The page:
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October 22 1909

Franklin Twp. - E.F. Palmer raised a potato on his farm that weighed 4 lbs. and 3 ounces. It is of the Prolific variety, smooth skinned and said to be excellent for table use. Eight potatoes dug by Mr. Palmer weighed 21 pounds. The potato exhibited was a monster in size.


Auburn Twp. - Invitations have been issued for the approaching wedding of Mr. Glenn Voss, formerly of Auburn, clerk in the Farmer's National Bank in Montrose, to Miss Pearl Pepper, of Auburn. The marriage is to take place tomorrow. Both are known in Montrose, Miss Pepper being a high school graduate. They will reside in the Harrower house on Scenery Hill, lately purchased by Mr. Voss. AND In Pleasant Valley the children are roaming o'er the hills and through the fields in search of chestnuts.


Heart Lake - Proprietor Frank T. Mack has closed the summer resort for the season and returned to Montrose. The season out in that neck o' woods was very successful and Mr. Mack feels most grateful indeed to patrons and friends who helped in making it such a success in every way.


Montrose - The library books most called for are: "The Girl of the Limberlost," "Anne of Avonlea," "Poppea of the Postoffice," "Old Rose and Silver," and "The Handsome Gentleman." AND - Eddie Gooden, a colored boy, who has been in the Montrose jail for some time, charged with pilfering from the Montrose Postoffice some weeks ago, was taken to Scranton last Friday night by a U.S. Deputy Marshall, where he will be tried in the United State court this week. Postmaster Burns and Ray Merrill went down as witnesses from the Postoffice and Cashier Pross and Miss Wrighter from the Farmers' Bank. Gooden pleaded guilty to the charge and was sentenced to two years imprisonment in the federal prison at Fort Leavenworth, Kansas.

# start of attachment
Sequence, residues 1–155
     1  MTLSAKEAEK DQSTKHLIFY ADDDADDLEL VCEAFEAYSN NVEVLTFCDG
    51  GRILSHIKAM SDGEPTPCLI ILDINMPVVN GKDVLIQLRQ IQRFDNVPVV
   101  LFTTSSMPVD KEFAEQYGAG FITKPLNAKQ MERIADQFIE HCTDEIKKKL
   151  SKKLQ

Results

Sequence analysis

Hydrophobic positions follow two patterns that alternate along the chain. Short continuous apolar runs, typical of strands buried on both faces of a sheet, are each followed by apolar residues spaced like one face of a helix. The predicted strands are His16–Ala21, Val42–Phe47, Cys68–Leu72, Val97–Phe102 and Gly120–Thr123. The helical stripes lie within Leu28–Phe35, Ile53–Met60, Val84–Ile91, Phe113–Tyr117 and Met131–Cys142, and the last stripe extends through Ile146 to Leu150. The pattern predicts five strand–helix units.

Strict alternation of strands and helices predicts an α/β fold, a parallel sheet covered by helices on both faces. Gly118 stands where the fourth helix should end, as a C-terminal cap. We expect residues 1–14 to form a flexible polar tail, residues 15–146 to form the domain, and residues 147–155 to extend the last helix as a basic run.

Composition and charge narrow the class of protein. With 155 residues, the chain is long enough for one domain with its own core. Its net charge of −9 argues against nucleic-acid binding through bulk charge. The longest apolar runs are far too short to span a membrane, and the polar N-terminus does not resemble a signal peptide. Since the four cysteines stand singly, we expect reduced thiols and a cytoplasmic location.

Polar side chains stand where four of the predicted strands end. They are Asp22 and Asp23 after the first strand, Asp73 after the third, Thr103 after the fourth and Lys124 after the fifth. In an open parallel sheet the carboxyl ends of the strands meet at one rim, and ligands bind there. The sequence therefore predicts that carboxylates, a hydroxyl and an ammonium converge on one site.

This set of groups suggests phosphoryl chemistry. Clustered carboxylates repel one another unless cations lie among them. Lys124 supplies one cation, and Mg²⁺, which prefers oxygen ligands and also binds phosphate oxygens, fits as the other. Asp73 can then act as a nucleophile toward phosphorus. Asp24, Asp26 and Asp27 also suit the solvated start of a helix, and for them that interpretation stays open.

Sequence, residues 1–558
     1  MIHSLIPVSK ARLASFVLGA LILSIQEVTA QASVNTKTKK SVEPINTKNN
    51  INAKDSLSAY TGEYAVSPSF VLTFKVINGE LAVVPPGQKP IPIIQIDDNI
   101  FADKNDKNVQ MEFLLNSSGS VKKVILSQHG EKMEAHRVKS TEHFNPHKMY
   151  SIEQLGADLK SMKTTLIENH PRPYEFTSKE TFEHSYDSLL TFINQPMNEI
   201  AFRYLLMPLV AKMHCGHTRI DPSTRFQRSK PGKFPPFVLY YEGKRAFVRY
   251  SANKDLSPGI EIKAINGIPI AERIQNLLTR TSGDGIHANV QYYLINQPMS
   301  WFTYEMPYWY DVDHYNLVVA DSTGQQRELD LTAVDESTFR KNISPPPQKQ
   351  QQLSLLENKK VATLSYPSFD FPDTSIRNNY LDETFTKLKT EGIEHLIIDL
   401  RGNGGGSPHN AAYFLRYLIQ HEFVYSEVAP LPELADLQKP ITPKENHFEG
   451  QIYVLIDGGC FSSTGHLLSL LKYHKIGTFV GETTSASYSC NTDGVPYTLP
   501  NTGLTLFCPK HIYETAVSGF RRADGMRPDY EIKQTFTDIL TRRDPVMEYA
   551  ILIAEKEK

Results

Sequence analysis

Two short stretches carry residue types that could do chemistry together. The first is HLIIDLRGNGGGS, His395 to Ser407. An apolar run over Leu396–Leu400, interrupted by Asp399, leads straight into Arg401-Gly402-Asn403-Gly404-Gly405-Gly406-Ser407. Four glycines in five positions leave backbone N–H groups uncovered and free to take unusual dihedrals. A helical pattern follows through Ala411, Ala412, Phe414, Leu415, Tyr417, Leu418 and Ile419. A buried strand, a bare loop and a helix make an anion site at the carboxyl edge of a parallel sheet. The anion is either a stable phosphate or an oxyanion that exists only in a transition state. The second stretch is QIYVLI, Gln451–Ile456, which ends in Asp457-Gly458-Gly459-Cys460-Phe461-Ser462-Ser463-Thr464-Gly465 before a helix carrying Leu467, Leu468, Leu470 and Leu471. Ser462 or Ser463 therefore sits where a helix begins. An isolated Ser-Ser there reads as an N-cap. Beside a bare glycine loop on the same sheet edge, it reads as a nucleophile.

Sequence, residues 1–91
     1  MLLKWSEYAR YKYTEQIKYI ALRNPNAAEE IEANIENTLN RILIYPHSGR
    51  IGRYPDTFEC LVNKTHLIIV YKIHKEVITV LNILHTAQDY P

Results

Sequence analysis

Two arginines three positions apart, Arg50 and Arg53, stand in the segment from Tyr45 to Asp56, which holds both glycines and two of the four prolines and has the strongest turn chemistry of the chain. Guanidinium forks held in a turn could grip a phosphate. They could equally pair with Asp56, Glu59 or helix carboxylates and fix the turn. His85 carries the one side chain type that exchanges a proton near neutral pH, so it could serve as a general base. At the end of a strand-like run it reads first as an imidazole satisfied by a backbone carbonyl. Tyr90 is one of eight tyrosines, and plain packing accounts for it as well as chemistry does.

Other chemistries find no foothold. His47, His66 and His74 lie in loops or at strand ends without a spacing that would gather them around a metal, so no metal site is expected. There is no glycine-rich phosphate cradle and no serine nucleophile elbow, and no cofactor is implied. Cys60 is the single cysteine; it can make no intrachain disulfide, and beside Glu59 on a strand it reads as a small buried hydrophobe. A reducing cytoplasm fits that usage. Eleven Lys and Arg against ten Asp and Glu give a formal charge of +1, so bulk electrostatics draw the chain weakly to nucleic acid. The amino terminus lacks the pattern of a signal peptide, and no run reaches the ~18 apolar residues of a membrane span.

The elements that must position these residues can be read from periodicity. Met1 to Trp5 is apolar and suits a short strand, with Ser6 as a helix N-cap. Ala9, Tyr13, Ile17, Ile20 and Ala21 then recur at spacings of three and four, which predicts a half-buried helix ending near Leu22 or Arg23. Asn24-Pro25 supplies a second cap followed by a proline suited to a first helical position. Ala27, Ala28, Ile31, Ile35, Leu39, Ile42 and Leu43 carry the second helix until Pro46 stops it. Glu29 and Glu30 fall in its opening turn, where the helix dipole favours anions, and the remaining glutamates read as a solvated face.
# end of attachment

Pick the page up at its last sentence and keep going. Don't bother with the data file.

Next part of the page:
Friendsville - In a Scranton paper of last week, Mary Rose, a former Susquehanna county poetess, speaks of her memories of "The Old Friendsville Church," in eight pretty stanzas. The writer in the poem, tenderly referred to the late Poet [Gerald] Griffin's parents, who sleep beneath a hawthorn tree, with moss-covered markers, in the old cemetery in Friendsville.


Hallstead - Uncle Tom's Cabin troupe went from Rush to Hallstead Sunday morning, their next stopping place. The company is quite a large one to travel about the country in wagons and created quite a commotion among the residents as the long train of vehicles and droves of ponies and donkeys passed quietly along the main streets. AND Patrick Butler, who went to Ireland in the early spring to visit his native land, came very near being deported as an alien when he arrived at Ellis Island on his return. Mr. Butler could not prove his citizenship, not having his naturalization papers with him and as he failed to have the necessary amount of money on his person, required for Immigrants to land, the commissioner had directed that he be returned on the next vessel. He protested that he had lived in this country nearly all his life, but too no avail. He corresponded with M.J. Murray, of Hallstead, and before the next vessel left Mr. Murray had received and forwarded copies of the naturalization papers to Mr. Butler and this evidence made it possible for Mr. Butler to land.